By Alan Wright — April 15, 2019
Humility isn’t thinking less of yourself; it’s thinking of yourself less.
Today’s Text: “Pride goes before destruction, and a haughty spirit before a fall. It is better to be of a lowly spirit with the poor than to divide the spoil with the proud.” (Proverbs 16:18–19, ESV)
The biblical idea of humility doesn’t conflict with genuine inward esteem. There is a difference between pride and healthy confidence. We don’t defeat pride by settling for a mediocre existence.
The ancient Greeks depicted Icarus as the son of the master craftsman Daedalus. In an effort to escape from Crete, the father made his son a set of wings using feathers and wax. Icarus’ father warned the lad not to fly too high or too low. If the boy flew too low, the sea’s dampness would clog the wings. If Icarus flew too high, the sun would melt the wax. Ignoring his father’s counsel, the boy flew too high, the wax melted and Icarus plunged to his death in the sea.
Some think that the biblical solution to pride is to fly at a moderate altitude. Don’t fly too high; don’t feel too good about yourself. But, on the other hand, don’t be too hard on yourself. Just stay in the psychological middle and you’ll avoid the equal and opposite dangers of pride and self-condemnation.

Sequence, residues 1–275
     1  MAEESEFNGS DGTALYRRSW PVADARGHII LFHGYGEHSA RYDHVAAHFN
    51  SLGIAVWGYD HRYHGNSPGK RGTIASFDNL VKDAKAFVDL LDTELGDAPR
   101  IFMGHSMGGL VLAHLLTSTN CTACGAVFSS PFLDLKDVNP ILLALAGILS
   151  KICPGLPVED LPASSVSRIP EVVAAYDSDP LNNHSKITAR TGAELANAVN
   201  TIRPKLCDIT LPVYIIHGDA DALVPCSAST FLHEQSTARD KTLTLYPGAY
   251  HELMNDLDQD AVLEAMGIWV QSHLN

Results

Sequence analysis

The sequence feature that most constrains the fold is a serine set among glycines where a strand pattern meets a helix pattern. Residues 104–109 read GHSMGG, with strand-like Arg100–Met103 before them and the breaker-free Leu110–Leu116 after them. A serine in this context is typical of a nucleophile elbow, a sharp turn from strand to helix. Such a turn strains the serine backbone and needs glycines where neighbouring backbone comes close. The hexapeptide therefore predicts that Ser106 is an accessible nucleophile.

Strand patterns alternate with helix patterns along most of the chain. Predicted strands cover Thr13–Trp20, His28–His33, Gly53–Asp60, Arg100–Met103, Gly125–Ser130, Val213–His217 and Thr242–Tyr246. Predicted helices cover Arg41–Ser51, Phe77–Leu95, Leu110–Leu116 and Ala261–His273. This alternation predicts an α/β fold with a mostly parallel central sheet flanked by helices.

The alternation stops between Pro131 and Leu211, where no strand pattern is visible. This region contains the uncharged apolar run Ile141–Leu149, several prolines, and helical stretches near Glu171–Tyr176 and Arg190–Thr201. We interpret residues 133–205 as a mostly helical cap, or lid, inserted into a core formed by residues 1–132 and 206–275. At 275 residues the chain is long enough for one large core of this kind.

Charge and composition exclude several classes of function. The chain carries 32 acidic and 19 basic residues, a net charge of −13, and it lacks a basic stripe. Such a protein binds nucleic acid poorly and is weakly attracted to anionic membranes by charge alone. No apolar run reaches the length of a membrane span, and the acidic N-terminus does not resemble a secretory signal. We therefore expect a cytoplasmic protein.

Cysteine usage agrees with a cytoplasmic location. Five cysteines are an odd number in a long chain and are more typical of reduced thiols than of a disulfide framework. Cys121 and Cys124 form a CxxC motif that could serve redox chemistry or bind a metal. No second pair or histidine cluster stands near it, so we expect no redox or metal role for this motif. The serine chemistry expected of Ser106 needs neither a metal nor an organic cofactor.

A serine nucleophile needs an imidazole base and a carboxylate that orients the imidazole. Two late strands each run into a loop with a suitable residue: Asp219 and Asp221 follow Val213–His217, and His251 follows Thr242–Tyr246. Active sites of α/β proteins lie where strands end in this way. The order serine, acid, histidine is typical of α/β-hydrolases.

But the biblical understanding of authentic humility isn’t found in flying high or low. As C.S. Lewis suggested, true humility isn’t thinking less of yourself; it’s thinking of yourself less. The soul that is soaked with Gospel self-worth isn’t thinking of self much at all. As Tim Keller has pointed out, you only think about your big toe if it’s hurting. Likewise, you only think about your ego if it’s wounded.
Life in Christ heals the wounded ego. The assurances of God’s love and acceptance through the gift of Christ secure our souls with confidence that, whether we fly high or low, we are beloved and safe forever in God’s arms. Such knowledge makes us both confident and humble. And that’s the Gospel!